The Scoop

First of all, thank you all for your prayers. Evie did great with the procedures and anesthesia and is just a bit grumpy from it all.

Waking up from anesthesia.

Waking up from anesthesia.

GI and pulmonologist both had good news. GI didn’t find any of the problems he suspected except one: she has a tiny stomach that doesn’t have the ability to expand very much. Most stomachs have lots of folds in them so they can expand with a meal, but Evie’s has very few folds. This explains why we’ve never been able to do very large volumes (she can only take about 3 ounces in a feeding).

There should be way more folds in her tiny stomach.

There should be way more folds in her tiny stomach.

In case you ever wondered what her gtube looks like from the inside of her stomach.

In case you ever wondered what her gtube looks like from the inside of her stomach.

He also noted that while her Nissen fundoplication is still intact, it is so small that it is basically doing nothing for her, so that explains why she still throws up quite a bit. So I guess the downside of these two tidbits is that we’re still pretty stuck with her feeding issues. There’s not really much we can do except wait for her to grow. Overall we’re very relieved that she doesn’t have any serious GI issues that will require surgery, though. The pulmonologist said Evie’s lungs looked great and are very normal. We’re still waiting back on some cultures, but anatomically, she was very pleased.

Now the more complicated stuff.  First the good news: the ENT feels that someday Evie will be able to get the trach out! Yay! Unfortunately, she has quite a few airway obstructions that we didn’t know about, so it will be a long process of taking care of that list.

Here’s the current plan.

  1. Open up her nose this coming Monday. Her nasal passages were completely blocked off with scar tissue.  Her CT scan showed that she had a tiny hole, but they couldn’t find it during the scopes.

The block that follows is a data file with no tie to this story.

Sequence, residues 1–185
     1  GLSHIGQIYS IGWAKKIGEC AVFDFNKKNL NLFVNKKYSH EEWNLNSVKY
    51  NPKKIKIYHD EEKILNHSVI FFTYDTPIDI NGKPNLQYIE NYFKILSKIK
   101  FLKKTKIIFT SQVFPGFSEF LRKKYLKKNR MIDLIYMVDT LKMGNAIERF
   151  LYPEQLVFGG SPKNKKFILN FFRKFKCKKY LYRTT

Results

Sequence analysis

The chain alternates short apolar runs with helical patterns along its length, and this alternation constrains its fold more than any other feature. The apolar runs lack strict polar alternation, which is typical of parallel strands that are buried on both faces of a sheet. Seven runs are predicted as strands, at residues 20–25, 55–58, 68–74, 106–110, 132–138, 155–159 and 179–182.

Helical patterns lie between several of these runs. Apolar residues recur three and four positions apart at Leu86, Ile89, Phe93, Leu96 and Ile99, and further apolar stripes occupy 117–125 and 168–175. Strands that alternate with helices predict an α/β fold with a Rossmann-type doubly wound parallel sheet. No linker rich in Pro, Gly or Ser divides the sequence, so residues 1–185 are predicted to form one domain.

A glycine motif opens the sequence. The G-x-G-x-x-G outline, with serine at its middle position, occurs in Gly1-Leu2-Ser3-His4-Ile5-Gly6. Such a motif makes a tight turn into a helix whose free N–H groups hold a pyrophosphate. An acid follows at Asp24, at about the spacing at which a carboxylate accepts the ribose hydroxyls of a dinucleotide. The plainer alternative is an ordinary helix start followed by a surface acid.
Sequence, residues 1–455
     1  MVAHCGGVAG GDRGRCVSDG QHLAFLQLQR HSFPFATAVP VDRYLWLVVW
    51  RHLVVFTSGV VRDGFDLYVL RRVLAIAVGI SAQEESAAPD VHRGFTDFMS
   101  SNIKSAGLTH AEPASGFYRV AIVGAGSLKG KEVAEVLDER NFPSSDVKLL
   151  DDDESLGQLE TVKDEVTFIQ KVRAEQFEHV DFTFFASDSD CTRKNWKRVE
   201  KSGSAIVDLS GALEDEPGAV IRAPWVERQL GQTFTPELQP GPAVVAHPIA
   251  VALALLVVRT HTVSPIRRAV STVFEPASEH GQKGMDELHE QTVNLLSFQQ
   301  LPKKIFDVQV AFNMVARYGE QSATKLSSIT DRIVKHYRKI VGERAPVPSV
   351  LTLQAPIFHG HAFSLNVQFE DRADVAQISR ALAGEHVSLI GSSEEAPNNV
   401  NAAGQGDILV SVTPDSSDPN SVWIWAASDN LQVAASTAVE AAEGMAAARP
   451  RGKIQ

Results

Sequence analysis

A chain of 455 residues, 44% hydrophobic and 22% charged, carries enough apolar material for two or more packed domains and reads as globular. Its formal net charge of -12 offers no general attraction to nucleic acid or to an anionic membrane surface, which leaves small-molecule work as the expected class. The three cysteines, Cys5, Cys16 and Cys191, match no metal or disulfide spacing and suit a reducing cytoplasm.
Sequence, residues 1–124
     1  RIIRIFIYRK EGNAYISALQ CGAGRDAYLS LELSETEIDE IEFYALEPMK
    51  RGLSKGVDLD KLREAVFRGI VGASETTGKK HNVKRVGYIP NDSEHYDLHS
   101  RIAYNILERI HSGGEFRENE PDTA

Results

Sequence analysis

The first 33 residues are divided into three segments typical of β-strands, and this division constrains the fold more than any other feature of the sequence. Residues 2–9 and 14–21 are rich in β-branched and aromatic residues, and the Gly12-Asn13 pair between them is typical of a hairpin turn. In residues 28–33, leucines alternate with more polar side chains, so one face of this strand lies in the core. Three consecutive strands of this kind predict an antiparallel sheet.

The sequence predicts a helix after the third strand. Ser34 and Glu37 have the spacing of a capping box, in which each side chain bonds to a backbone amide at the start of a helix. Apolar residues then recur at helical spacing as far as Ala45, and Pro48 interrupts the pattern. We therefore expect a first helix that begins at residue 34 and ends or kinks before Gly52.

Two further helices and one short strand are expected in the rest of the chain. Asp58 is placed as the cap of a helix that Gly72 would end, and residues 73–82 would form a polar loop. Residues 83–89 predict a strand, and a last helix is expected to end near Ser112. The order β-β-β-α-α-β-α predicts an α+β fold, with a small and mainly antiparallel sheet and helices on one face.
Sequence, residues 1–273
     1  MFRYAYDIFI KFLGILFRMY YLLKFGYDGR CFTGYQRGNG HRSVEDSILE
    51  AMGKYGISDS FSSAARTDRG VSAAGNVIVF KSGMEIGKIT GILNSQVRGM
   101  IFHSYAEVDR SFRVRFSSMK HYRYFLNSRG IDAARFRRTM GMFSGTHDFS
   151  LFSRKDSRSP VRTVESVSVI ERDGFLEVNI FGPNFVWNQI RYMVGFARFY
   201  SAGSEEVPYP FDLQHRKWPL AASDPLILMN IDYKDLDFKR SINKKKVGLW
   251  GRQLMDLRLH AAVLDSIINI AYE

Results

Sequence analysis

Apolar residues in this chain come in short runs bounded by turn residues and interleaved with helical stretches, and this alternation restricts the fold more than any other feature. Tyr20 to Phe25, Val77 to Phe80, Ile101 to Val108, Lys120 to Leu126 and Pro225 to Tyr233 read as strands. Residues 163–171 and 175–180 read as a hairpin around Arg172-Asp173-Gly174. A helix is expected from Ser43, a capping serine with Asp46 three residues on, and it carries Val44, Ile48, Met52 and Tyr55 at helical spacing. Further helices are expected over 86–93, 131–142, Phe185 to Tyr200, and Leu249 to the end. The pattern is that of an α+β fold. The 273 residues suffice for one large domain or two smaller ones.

Can you tell what it is??? That is looking from the back of her nose towards the nostrils. Notice anything missing? Yeah, that would be two holes.

    Can you tell what it is??? That is looking from the back of her nose towards the nostrils. Notice anything missing? Yeah, that would be two holes.

    With her first two repairs, both sides of her nose were opened separately and this next time they are actually going to take out some of her septum that divides the sides and create one big hole in the back. Since the hole starts off bigger, it will hopefully take longer to close up again. It doesn’t sound like they’re going to do stents to keep it open like I was originally told since the data doesn’t really show better results with stents. Once we’re pretty sure her nose is going to stay open (which could take 1 surgery or 15 surgeries, no way to know) then…

  2. We’ll get her tonsils removed. Apparently her tonsils are extremely large and block off a good portion of her airway. This is a pretty common procedure for CHARGE kids. After that…
  3. We will get a consult with a plastic surgeon to address her small jaw. I think we’d been told before that her jaw was small, but no one ever mentioned that it could be an issue.  Unfortunately because her jaw is so small, her tongue sits back further in her mouth and falls back into her throat a little, blocking off her airway. This is a little bit of an intense procedure involving cutting both sides of the jaw bone, attaching metal brackets and slowly turning screws to lengthen the jaw. The new bone grows in and then is given 6 weeks to harden before the pins and brackets are removed. It sounds like kids do very well with the procedure and it’s usually harder on the parents. Here’s a good link with some slideshows explaining the procedure more. Then finally after that…
  4. We will do her tracheal reconstruction surgery and hopefully remove the trach right away. Evie’s tracheal scarring is bad.  They said it’s not the worst they’ve ever had, but it is very severe. The opening into her trachea right now is only 3mm wide. That’s about the size of coffee stir straw.

    This is the 3mm hole left after the scarring occurred. You can see the slightly darker tan area that is supposed to be open.

    This is the 3mm hole left after the scarring occurred. You can see the slightly darker tan area that is supposed to be open.

We don’t really have a timeline because Evie will need to heal fully from each procedure before moving to the next one, but it will be at least a few years. The ENT said most CHARGErs have their trachs 5-10 years.

We’re both happy and sad right now. We’re so glad that they think someday she’ll be trach free. That’s wonderful. But it will take us awhile to adjust to the knowledge that she will be having many more surgeries than we had anticipated. We just wish things were easier for her.

We have a few days off now and plan to just rest and enjoy some time as a family. The weather is beautiful here and we’re hoping to get outside a bit with Evie. Next step will be her surgery on Monday with a few days inpatient.

Thank you again everyone. We could feel your prayers keeping us calm and focused this morning.

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